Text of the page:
Official Global Travel Advisories
- Avoid non-essential travel outside Canada until further notice
- Avoid all cruise ship travel outside Canada until further notice
Many countries continue to have strict travel restrictions in place, and the availability of options for international transportation remain limited. As a result you may have difficulty returning to Canada. While some countries are partially opening their borders, we continue to advise against non-essential travel outside of Canada. We also continue to advise that you avoid all cruise ship travel outside of Canada until further notice.
The governments of those destinations that have opened their borders to tourists could impose strict travel restrictions suddenly, should they experience an increase in cases of COVID-19. International transportation options could be reduced significantly, making it difficult for you to return to Canada. There are no plans to offer additional repatriation flights. Should you decide to travel despite our advisories, know that you might have to remain abroad longer than you expected.
If you choose to travel despite these advisories:
- you may have difficulty obtaining essential products and services
- you may suddenly face strict movement restrictions and quarantines at designated facilities and at your own cost
- your insurance may not cover your travel or medical expenses
- we may have limited capacity to offer you consular services.
If you are currently outside Canada or you are returning home, see COVID-19 safety and security advice for Canadians abroad.
Belgium Register Travel insurance Destinations
Last updated: ET
Still valid: ET
Latest updates: Safety and security - Update on the face-covering requirement
COVID-19 – Global travel advisory
Effective date: March 13, 2020
Avoid non-essential travel outside Canada until further notice.
This advisory overrides other risk levels on this page, with the exception of any risk levels for countries or regions where we advise to avoid all travel.
Safety and security
Safety and security
COVID-19 - Preventative measures and restrictions
Preventative measures and restrictions are in place. These measures may vary depending on the city or municipality. You must wear a face covering in public spaces and on public transport (12 years and older).
If you violate the restrictions, you could be fined for endangering public health.
- Follow the instructions of local authorities related to physical distancing
- Avoid crowded areas
COVID-19 response - Government of Belgium
COVID-19 response - European Commission
Violent crime is uncommon. However, petty crimes (for example, pickpocketing and purse snatching) occur at major transportation hubs and tourist sites.
Organized gangs have been known to target the following areas:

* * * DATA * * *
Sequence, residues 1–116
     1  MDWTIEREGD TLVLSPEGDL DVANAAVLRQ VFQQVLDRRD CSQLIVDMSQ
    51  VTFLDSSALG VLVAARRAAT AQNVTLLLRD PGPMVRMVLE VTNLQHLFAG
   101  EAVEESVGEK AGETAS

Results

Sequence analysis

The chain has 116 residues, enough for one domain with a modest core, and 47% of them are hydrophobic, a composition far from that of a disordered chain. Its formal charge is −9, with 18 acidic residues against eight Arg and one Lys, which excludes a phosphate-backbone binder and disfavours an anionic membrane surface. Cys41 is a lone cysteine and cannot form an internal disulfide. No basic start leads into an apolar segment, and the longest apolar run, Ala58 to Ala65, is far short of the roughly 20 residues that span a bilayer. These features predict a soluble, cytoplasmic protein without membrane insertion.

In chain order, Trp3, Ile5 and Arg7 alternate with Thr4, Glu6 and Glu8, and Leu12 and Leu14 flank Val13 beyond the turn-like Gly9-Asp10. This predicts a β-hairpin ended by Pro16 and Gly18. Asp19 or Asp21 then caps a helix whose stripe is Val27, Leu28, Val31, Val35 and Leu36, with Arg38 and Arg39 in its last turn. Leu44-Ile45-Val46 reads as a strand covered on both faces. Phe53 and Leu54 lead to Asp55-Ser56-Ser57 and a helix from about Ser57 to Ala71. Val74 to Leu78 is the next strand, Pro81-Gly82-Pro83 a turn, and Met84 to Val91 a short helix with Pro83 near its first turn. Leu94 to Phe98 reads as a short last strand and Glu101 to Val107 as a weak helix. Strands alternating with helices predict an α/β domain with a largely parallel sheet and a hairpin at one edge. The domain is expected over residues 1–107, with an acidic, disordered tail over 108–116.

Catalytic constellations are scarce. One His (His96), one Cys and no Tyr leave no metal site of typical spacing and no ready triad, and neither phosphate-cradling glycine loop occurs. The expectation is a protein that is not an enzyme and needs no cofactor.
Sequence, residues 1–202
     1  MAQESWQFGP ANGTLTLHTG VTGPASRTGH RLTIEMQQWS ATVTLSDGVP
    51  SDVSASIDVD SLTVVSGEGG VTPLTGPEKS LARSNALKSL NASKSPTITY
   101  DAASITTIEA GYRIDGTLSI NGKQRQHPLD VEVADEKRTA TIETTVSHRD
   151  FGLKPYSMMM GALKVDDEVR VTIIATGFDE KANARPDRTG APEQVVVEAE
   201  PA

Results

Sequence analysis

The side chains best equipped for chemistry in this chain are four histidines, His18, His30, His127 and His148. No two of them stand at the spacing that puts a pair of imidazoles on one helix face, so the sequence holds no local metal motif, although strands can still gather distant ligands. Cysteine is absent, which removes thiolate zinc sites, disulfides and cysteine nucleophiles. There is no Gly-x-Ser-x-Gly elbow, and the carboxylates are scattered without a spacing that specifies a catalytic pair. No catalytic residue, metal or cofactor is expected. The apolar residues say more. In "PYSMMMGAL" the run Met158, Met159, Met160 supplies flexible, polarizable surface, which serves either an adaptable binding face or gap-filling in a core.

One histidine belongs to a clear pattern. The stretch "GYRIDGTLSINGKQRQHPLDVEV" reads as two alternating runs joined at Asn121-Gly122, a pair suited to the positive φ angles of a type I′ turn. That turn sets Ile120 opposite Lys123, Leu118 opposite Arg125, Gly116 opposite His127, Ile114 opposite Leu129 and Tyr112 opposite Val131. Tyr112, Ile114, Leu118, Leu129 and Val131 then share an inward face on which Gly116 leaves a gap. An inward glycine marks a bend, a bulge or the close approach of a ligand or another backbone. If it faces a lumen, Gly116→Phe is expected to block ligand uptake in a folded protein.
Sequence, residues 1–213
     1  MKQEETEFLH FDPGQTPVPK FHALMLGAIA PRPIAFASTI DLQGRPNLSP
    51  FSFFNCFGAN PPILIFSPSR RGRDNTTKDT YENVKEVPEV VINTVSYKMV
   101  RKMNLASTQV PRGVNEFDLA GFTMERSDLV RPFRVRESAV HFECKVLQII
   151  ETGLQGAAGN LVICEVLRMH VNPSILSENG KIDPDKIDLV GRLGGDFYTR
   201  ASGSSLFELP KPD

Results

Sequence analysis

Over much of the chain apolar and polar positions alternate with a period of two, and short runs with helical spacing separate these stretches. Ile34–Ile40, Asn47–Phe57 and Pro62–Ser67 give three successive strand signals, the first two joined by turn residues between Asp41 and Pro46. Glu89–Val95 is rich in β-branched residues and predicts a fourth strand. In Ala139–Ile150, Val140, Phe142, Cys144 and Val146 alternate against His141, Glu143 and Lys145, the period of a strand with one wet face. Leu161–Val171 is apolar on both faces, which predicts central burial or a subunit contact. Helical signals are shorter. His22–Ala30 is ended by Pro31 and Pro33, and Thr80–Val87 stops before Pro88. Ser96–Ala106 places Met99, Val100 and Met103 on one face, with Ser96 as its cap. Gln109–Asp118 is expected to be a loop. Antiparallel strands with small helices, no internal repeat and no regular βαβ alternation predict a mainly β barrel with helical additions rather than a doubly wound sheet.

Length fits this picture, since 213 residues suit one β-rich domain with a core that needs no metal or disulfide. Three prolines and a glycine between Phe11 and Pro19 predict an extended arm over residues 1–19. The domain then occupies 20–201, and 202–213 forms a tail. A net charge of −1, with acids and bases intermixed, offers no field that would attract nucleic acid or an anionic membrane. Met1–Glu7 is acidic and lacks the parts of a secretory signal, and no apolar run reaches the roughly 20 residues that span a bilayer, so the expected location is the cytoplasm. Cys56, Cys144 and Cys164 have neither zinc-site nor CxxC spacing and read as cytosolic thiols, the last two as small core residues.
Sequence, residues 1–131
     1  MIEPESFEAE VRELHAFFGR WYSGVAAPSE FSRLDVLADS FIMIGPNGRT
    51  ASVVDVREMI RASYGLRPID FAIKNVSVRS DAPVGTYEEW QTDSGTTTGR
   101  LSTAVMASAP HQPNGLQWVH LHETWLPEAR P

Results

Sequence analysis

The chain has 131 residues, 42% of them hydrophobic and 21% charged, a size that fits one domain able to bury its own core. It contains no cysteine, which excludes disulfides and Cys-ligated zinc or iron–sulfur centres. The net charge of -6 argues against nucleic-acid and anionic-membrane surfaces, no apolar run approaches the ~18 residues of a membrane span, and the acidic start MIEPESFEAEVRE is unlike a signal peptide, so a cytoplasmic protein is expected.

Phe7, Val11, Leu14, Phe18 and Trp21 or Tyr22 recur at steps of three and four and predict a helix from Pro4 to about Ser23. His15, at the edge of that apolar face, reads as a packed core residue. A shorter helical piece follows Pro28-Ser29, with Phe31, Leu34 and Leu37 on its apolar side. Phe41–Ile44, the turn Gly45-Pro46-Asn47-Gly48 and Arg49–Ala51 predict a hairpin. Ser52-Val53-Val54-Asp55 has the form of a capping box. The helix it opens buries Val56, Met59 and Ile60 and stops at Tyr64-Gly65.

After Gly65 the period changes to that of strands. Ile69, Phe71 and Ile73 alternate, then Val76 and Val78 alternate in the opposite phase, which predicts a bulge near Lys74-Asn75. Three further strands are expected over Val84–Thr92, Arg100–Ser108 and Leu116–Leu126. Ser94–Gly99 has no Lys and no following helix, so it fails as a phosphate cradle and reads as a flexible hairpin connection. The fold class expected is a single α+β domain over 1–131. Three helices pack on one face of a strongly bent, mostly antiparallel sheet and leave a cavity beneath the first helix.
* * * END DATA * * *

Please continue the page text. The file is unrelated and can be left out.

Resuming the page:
- the Grand Place (Grote Markt) in Brussels
- public transportation and airports
- the main railway stations in Brussels (Gare du Midi [Zuidstation] and Gare du Nord [Noordstation])
Tactics used by criminals
Pickpockets often target passengers boarding or disembarking public transportation or international train lines, including the Paris–Brussels–Amsterdam and Brussels–London routes. Never leave your luggage unattended.
Be cautious if approached by anyone asking odd questions, spilling food or drink, or telling you someone else has spilled something on your clothes. These are distraction tactics used by thieves. Carry a minimal amount of cash when you go out.
Ensure that valuables in vehicles are kept out of sight at all times. Thieves, often on motorbikes, have been known to break a car window while the car is stopped at a traffic light and snatch valuables from the front or back seat.
Always be suspicious if someone offers to help you with a flat tire. These individuals may have punctured the tire themselves and seize the opportunity to steal a bag or other valuable objects while you are distracted.
There is a threat of terrorism in Europe. Terrorists have carried out attacks in several European cities.
In Belgium, separate attacks causing multiple deaths and injuries have taken place. The attacks were indiscriminate and targeted public places. While the deadliest attacks occurred in Brussels in 2016, the likelihood of an attack elsewhere in Belgium cannot be ruled out. Further attacks elsewhere in Europe are also likely.
Targets could include:
- government buildings, including schools
- places of worship
- airports and other transportation hubs and networks
- public areas such as tourist attractions, restaurants, bars, coffee shops, shopping centres, markets, hotels and other sites frequented by foreigners
Always be aware of your surroundings when in public places. Be particularly vigilant if attending sporting events and during religious holidays and other public celebrations, as terrorists have used such occasions to mount attacks.
Public alert system